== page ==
Thank you very much for that warm welcome. Looking at this array of speakers up here, I can't imagine there's anything left for me to say, because I understand that you have had a briefing from Brent Scowcroft and Secretary Cheney and also, of course, heard from our very able Secretary of the Veterans Administration, Ed Derwinski. What a tremendous job he's doing for our country and for our veterans. And I'm so proud to have him at my side.
I'm glad to see the familiar faces from so many of our veterans organizations -- particularly the VFW and the Disabled American Veterans, the American Legion -- many, many others. I'm going to get in real trouble now for -- [laughter] -- omitting some. But welcome, again; welcome back to the White House.
Let me just begin by giving credit where credit is due. From the day that Saddam Hussein first invaded Kuwait, America's veterans stood rock-solid, rock-solid behind our troops. You understood from the very beginning what was at stake: the rule of law and the cause of freedom. You understand that when the forces of aggression arise, America must stand ready to do the hard work of freedom.
You understood because you've been there. And you know how important the support of the folks back home is to our troops. Our brave men and women, as you have heard, are coming home soon, home to the respect and the gratitude of the American people. And let me tell you -- they have sure earned it.
I am pleased to say -- and you've seen it all in this age of instant television communication -- that we're making progress in our journey from war to peace. The cessation of combat operations that went into effect midnight Wednesday is, as you've heard from Dick Cheney, holding -- for the most part, it is holding. General Schwarzkopf has reported, and then the Secretary called me yesterday morning about this, that Sunday's desert meeting with the Iraqi commanders really made great progress.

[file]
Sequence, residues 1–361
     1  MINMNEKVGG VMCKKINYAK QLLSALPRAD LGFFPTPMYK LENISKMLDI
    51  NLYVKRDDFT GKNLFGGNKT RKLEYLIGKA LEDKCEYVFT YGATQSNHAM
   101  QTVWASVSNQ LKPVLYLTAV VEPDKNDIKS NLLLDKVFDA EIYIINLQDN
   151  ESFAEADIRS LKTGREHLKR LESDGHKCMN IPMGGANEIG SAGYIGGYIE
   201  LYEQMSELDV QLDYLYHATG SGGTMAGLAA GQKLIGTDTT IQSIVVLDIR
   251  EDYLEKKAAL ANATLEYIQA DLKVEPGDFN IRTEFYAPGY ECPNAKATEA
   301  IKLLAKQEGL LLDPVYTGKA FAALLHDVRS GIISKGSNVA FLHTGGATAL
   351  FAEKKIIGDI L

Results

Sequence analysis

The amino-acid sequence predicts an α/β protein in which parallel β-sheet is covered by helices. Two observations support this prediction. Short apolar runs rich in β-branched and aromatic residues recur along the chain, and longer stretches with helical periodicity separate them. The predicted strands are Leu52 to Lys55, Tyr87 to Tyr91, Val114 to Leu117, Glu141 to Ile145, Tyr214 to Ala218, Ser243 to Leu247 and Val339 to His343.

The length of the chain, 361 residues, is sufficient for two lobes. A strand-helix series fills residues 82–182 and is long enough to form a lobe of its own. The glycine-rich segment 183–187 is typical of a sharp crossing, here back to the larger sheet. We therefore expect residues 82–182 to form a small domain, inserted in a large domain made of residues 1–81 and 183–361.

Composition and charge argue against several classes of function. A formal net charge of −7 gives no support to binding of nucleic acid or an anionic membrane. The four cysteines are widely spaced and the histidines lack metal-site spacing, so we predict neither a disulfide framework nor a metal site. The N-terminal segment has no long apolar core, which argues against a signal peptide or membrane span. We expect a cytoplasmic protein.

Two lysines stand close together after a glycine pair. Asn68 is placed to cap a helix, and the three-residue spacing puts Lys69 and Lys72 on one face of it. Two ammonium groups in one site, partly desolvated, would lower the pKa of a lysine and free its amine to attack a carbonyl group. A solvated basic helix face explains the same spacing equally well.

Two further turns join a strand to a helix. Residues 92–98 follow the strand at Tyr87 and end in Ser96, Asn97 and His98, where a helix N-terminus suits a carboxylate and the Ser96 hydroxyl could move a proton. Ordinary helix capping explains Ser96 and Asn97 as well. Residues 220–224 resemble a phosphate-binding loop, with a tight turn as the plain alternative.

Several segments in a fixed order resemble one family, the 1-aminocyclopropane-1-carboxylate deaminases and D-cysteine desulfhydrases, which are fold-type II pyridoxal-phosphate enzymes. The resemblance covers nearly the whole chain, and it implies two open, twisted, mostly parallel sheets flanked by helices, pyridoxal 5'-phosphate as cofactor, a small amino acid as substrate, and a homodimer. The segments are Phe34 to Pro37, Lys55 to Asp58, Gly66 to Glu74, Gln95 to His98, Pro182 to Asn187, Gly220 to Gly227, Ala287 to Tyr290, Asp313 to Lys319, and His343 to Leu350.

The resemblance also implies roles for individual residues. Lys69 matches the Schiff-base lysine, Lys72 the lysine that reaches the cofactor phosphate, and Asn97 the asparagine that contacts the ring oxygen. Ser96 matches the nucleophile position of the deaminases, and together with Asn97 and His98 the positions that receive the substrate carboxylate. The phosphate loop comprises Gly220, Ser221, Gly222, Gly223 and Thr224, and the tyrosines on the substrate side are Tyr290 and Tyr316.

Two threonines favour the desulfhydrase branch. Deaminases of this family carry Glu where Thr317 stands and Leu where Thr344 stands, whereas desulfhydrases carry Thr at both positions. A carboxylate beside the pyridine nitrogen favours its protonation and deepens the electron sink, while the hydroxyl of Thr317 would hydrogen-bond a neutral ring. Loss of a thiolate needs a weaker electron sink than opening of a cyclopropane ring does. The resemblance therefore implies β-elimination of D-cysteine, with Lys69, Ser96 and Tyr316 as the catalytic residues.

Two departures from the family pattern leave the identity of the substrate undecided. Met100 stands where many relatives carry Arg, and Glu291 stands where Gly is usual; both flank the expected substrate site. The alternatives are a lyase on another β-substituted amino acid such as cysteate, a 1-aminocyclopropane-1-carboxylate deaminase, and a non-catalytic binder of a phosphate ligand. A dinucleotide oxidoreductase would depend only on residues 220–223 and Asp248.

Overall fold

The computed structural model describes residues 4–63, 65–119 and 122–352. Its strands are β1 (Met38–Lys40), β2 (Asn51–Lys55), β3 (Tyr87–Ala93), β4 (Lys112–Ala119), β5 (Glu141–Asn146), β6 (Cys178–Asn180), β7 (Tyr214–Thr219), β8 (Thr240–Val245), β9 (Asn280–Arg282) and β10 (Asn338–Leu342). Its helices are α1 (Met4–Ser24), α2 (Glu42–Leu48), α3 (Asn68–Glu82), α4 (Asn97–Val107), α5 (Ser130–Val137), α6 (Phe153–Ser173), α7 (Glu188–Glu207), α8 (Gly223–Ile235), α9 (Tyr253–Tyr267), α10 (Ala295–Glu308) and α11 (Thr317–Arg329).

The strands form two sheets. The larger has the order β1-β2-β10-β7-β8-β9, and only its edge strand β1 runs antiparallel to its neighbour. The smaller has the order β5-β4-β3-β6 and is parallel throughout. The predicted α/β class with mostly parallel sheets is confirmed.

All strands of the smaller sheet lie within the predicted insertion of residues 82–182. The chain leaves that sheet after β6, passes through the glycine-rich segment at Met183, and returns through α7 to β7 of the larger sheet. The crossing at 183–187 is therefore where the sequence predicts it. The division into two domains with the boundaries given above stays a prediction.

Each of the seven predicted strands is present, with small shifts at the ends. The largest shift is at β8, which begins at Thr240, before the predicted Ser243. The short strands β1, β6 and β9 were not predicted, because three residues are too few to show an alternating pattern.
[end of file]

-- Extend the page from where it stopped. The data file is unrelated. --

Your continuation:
I liked it -- what General Schwarzkopf said on the television when he said, ``Look, we're not here to humiliate anybody.'' And then he went ahead and laid down the rules that should be fulfilled. And it looks like he made great, great progress on that.
Already 10 coalition POW's, including several Americans, are on their way back home. But I'll tell you, I don't think any of us, particularly in this audience -- and I know I speak for the three up here behind me on this stage -- can relax at all until every single one of those prisoners is home and every single missing is accounted for to the best of the ability of the Iraqi forces, and also that the Kuwaiti detainees are returned -- every single one of them. And that's our goal.
And clearly, on a sad subject, that requires the returning of the remains of all our fallen heroes.
We've received information on the location of the mine fields in and around the theater of operations so that the rebuilding of Kuwait can begin safely. And it's my understanding, Dick, that -- you told me that he got immediate satisfaction on that question of the mine fields. So, that's good; that shows some real signs of progress and cooperation.
Our goal remains what it's been all along: Iraq's complete and unconditional compliance with all relevant United Nations resolutions and its implementation of all the requirements to be found in Security Council Resolution 686, passed overwhelmingly late Saturday afternoon, just this past Saturday. This would allow us to move beyond the current suspension of military operations to a more permanent and stable cease-fire.
Now, this has been a triumph for the 28 nations united against aggression. But as I said in my address to the Nation the final night of Kuwait's liberation, this is not a time to gloat or it's not a time to brag. It's a time to be proud, fiercely proud -- proud of our troops, proud of our friends who stood with us, and proud of our people. Their strength and perseverance endured that our success was as certain as our cause was true.